In late 1989, history took a sharp, unplanned turn. By most accounts, it happened because of Guenter Schabowski.
Meeting the media after weeks of pro-democracy protests, the spokesman for the repressive East German state was asked about rumors of a new travel law. Were the restrictions that had trapped most East Germans behind the Berlin Wall since 1961 being eased?
Schabowski searched his notes, finally finding the one he had been given just before the briefing started.
Yes, he said, the government had adopted a new regulation permitting East Germans to leave the country at border crossing points. No, he didn't know if passports would be required. But the change, he said, would take effect "immediately. Without delay."
His last statement was wrong, but it was too late. His stunning announcement was quickly broadcast across the country and around the world. Within a few hours, thousands of East Berliners were swarming the wall, demanding their freedom.
Schabowski, whose blunder hastened the wall's collapse and Germany's reunification, died Sunday in a Berlin nursing home, according to German news media. He was 86.
Conflicting accounts emerged as to who bore responsibility for the bungled announcement, which officials had intended for the following morning after making arrangements for orderly border crossings.
"It was one of many foul-ups in those days," Schabowski told the Associated Press 10 years later. "We were acting under the pressure of events. I'm just happy that it went off without bloodshed."
The fall of the Berlin Wall on Nov. 9. 1989, had been preceded by weeks of mounting chaos. Erich Honecker had been ousted as head of the ruling Socialist Unity Party. Demonstrators filled East Berlin streets, agitating for free elections. Tens of thousands were fleeing the country through Hungary and Czechoslovakia.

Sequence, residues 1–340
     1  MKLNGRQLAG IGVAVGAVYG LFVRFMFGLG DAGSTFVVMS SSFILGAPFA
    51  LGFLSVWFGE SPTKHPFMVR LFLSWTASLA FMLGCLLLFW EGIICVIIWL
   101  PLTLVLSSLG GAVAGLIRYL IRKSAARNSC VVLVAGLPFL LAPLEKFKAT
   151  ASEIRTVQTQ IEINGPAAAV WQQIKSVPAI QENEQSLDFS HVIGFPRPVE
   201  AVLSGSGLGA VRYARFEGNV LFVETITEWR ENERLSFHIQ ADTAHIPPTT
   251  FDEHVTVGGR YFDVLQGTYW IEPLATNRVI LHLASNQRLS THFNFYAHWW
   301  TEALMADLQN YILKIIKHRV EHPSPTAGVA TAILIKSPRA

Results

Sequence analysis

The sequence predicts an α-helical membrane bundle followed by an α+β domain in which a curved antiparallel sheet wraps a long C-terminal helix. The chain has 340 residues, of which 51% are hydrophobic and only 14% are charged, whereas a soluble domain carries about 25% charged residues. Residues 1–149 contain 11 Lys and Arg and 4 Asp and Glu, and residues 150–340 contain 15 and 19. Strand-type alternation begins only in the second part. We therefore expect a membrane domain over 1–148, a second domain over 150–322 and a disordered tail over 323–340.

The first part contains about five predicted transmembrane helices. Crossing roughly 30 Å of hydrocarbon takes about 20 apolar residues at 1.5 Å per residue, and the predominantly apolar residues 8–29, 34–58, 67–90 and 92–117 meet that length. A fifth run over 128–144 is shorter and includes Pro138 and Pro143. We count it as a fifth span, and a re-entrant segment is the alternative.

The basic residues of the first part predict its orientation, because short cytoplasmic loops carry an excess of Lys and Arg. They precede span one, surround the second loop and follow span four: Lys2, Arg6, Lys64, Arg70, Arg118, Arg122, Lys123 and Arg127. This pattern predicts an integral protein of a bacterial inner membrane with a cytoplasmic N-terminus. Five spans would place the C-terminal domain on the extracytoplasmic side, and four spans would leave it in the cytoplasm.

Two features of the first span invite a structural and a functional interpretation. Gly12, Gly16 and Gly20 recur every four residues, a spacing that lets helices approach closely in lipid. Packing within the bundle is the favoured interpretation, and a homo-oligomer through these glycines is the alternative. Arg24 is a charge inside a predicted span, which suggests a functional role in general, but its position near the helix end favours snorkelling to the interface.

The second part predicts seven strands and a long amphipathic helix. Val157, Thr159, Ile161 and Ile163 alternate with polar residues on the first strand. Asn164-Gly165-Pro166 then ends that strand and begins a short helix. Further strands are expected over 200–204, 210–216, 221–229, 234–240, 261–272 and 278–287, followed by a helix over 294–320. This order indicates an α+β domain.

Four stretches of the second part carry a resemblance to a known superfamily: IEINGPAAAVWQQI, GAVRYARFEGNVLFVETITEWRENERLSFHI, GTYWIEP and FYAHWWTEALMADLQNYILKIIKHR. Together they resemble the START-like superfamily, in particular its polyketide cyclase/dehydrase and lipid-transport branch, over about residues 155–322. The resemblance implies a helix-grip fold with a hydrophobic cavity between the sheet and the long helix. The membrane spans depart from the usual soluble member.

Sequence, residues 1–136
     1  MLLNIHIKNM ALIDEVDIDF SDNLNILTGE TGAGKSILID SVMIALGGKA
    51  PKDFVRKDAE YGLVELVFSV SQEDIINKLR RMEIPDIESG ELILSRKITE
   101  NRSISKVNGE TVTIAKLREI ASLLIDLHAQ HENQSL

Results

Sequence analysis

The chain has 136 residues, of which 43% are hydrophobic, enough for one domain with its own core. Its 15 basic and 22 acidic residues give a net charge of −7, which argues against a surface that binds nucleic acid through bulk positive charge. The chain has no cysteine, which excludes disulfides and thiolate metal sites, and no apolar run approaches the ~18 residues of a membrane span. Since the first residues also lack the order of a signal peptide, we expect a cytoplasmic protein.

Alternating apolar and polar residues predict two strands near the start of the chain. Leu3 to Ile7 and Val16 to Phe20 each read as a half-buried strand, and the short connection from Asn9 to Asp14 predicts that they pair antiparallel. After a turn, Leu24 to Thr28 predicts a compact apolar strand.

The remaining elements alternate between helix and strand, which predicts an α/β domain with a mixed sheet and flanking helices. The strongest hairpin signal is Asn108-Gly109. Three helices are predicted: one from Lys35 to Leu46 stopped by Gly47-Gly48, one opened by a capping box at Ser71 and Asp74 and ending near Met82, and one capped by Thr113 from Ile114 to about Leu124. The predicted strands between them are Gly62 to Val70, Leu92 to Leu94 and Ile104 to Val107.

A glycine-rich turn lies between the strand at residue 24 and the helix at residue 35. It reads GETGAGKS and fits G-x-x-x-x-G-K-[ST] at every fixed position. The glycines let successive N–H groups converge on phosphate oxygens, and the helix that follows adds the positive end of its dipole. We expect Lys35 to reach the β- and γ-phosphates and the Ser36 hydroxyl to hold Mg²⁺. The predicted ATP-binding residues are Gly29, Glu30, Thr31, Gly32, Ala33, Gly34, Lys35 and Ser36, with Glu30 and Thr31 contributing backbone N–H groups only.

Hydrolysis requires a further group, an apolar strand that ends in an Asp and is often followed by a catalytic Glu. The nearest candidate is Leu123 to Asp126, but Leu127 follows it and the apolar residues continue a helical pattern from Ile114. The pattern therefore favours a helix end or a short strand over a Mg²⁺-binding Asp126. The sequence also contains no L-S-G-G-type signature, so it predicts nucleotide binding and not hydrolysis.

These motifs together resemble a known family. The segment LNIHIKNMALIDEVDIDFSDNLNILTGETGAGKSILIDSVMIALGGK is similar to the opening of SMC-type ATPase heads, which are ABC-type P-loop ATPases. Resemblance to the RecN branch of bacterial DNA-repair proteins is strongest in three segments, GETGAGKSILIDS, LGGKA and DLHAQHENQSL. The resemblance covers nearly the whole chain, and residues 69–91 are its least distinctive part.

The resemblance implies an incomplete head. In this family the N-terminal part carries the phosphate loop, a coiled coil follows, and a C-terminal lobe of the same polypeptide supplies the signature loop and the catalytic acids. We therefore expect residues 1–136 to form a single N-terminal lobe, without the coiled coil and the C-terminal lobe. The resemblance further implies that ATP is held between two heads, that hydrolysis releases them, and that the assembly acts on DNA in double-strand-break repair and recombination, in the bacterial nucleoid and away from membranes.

Against this backdrop of continual crisis, German officials sought a relief valve. On Nov. 9, the Politburo adopted a vaguely worded order allowing citizens to travel abroad. By most accounts, few Politburo members understood its importance.
Egon Krenz, who had succeeded Honecker, handed Schabowski a note on the new law at the start of that evening's news conference. The spokesman did not mention it until close to 7 p.m., when the largely dull briefing was winding down.
"Private trips abroad can be applied for," he said, reading Krenz's note. "Permits will be granted promptly."
Schabowski's words caused "head-shaking confusing among the reporters," NBC newsman Tom Brokaw, who was covering the news conference, wrote later in his memoir, "A Lucky Life Interrupted." Did Schabowski's statement mean the wall was coming down?
As Brokaw recalled in his book, he sought confirmation from Schabowski immediately after the briefing and got it. He ran from the interview shouting to colleagues, "It's down, the wall!"
As the news spread, East Germans flocked to the crossing points. Border guards, who had not been notified of the new policy, ultimately yielded to the crowds' demands and began letting people pass through.
On the other side, West Berliners offered jubilant hugs and champagne. Some brought hammers and chisels to begin dismantling the bitter Cold War symbol.
Schabowski resigned a few weeks later. Krenz, who insisted that the spokesman had ignored an embargo on the momentous announcement, was also ousted.
Schabowski was born Jan. 4, 1929, in the northern town of Anklam, and trained as a journalist. He rose through the ranks of German media after World War II, becoming the chief editor of Neues Deutschland, the main Communist Party-controlled newspaper, in 1978. He became a member of the ruling Politburo in 1984.
In October 1989, Schabowski, then the Communist Party chief in East Berlin, became the first Politburo member to talk to opposition leaders. In another turnaround for East Germany, he also voiced support for "approved and well-ordered" demonstrations.
By mid-November, he was the spokesman for a government under siege.
With the ruling party in meltdown, "it was obvious that we couldn't stay," he recalled in a 1990 Chicago Tribune interview. "We hadn't understood at the time that demands had gone much further than the changes we proposed. Our time had passed. The whole system had proved insufficient, and the people threw it away."
His survivors include his wife, Irina.